In those seconds the cold melted away and I suddenly I felt warm with passion. How could I be cold? I was falling in love.
Unfortunately, all the best love stories include heartbreak that must be overcome – if only to prove to the Universe that the love is true.
Auburn running back Stephen Davis ran through our defense all day like he had a jet pack surgically implanted in his back. Terry Dean’s Heisman Trophy hopes evaporated on four first half interceptions and a second half benching in favor of Danny Wuerffel. The Gators undefeated season and No. 1 ranking disappeared with 30 seconds left on the clock as Frank Sanders leaped up with Michael Gilmore wrapped around his legs and caught a ball from Patrick Nix for a touchdown.
As Sanders came down with the football, I can only remember hearing the din of the Tigers below me shaking their navy and orange pom-poms in victory. The 85,562 strong Gator contingent in Ben Hill Griffin Stadium went deathly silent as the reality set in that the monster we created failed to devour that team clad in white.
For a second, it felt like nobody even drew a breath. It was as if we all agreed that breathing would make that awful moment real.
I shared that moment of heartbreak with everyone in the stands and watching that day. As we finally drew in that breath, we all said good-bye to the best chance many Gators had seen at a mythical National Championship and those chances don’t come around very often; none of us knew if we would ever get that chance again.
Far more eloquent people than I have spoken on the madness of love. But on that day, I knew true love. I had an unspoken connection to that moment, those fans and the Florida Gators. For better or worse, I knew that the Gators and the University of Florida would be my “one”.
After almost 20 years, the memories of that feel so real that sometimes when I reflect on them I feel like I’m living it all over again. I can almost reach out and touch them.
As the masses flooded out of the stadium that day I heard thousands chanting that it was “Great to be a Florida Gator.” Somehow, inside that moment of despair, I smiled and knew that the future held many rewarding chapters to come. I knew that this story, this marriage, would never end. I knew new memories would heal the disappointment of that day and the others that would inevitably come just as they do in any relationship.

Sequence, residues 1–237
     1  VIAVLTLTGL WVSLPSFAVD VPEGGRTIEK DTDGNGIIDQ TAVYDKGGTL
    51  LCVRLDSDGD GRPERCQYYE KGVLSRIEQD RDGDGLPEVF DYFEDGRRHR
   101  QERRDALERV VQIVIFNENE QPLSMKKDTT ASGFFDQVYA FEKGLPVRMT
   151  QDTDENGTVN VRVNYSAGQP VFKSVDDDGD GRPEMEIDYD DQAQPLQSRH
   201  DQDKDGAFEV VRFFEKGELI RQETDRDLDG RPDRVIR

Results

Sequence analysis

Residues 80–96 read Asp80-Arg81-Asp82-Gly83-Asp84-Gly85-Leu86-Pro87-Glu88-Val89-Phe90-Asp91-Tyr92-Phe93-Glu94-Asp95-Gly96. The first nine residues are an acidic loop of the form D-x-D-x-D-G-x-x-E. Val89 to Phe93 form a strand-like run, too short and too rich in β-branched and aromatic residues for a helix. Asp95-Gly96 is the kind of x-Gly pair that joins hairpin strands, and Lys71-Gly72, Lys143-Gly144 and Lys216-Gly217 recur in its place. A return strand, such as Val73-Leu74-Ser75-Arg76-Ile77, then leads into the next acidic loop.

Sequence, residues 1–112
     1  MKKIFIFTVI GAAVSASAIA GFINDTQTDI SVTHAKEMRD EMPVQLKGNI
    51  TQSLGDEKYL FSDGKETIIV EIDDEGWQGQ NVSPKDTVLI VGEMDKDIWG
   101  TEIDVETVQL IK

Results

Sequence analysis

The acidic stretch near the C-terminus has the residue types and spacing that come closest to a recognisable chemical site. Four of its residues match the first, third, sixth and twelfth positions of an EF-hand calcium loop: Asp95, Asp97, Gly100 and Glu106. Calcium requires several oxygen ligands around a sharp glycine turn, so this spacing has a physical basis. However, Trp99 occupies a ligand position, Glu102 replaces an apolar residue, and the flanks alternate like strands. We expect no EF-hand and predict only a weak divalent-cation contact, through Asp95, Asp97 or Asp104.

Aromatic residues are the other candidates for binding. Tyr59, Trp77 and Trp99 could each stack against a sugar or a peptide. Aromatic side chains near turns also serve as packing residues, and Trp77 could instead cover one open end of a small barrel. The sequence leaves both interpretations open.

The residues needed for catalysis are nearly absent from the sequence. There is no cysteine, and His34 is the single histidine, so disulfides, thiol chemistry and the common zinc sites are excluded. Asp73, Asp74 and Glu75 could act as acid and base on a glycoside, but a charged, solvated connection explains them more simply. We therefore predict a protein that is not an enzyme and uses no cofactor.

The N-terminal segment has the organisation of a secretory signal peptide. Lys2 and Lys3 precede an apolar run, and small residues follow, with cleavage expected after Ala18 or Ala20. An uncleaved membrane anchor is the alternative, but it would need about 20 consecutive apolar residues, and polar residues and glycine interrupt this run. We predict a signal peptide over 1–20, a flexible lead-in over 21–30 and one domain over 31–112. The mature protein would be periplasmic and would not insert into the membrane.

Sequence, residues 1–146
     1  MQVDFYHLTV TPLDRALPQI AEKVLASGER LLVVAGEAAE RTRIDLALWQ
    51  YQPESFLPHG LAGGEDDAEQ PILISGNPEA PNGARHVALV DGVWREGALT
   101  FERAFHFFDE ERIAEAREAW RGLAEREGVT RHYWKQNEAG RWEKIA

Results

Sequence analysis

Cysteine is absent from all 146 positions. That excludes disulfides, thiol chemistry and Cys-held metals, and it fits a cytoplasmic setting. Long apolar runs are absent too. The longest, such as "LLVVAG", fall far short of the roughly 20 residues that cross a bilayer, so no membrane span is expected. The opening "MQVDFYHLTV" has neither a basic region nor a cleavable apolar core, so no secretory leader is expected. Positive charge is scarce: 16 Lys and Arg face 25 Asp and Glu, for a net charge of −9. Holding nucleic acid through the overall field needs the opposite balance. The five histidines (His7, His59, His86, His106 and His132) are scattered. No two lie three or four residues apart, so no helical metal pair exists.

There would always be new storylines, new players to follow and coaches to dissect.
On January 2, 1997, my faith was rewarded as I watched the final seconds tick off as the Gators played against Florida State at the Sugar Bowl in New Orleans. We won our first National Championship. However, even during that moment, I recalled the disappointment of that cloudy and chilly day in October 1994. It made that triumph so much more meaningful. Last season I held on to the memories of all those good times in the midst of my most challenging season with my love.
For better or for worse, right? That was my vow. That is my vow.
See, no matter the previous season’s record, each autumn brings an opportunity to fall in love all over again. Now I wait impatiently for a date with my true love. Soon I’ll see the latest incarnation of the Florida Gators take the field in the Swamp against the Idaho Vandals. The anticipation builds with each day, as it has with every previous season. It’s a chance to feel again like the boy I was in October 1994, even if that spirit is now housed in the body of a paunchy, middle-aged man.
And somewhere out there in the future is an old man that will share the memories I’ll gain this season.
One day, that old man will reflect back on how silly he was to be worried about our offensive transition under Coach Roper. By the time he’s an old man he won’t spend his days ruminating on wins or losses or why Michael Gilmore was in man coverage on Frank Sanders at the goal line. He’ll know his time is better spent reflecting on how lucky he’s been to experience the passion of a true love that’s spanned a lifetime.